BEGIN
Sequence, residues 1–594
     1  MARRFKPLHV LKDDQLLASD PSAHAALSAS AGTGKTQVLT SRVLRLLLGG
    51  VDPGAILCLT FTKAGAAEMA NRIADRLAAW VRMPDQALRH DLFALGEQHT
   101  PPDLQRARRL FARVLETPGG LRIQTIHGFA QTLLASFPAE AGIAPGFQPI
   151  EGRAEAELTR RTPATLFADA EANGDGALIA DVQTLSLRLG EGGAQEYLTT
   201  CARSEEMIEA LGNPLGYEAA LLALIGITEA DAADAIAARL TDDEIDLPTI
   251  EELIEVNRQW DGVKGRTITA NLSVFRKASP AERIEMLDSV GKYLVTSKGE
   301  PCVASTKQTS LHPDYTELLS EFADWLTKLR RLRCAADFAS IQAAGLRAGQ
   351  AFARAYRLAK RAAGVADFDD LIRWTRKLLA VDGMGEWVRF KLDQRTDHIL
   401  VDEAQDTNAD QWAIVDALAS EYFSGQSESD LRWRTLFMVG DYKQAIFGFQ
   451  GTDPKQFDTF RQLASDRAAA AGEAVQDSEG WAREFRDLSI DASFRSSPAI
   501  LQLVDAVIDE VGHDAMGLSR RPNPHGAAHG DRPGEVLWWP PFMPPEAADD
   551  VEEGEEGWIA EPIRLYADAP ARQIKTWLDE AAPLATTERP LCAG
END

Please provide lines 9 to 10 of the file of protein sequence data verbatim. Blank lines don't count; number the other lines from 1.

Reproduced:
   351  AFARAYRLAK RAAGVADFDD LIRWTRKLLA VDGMGEWVRF KLDQRTDHIL
   401  VDEAQDTNAD QWAIVDALAS EYFSGQSESD LRWRTLFMVG DYKQAIFGFQ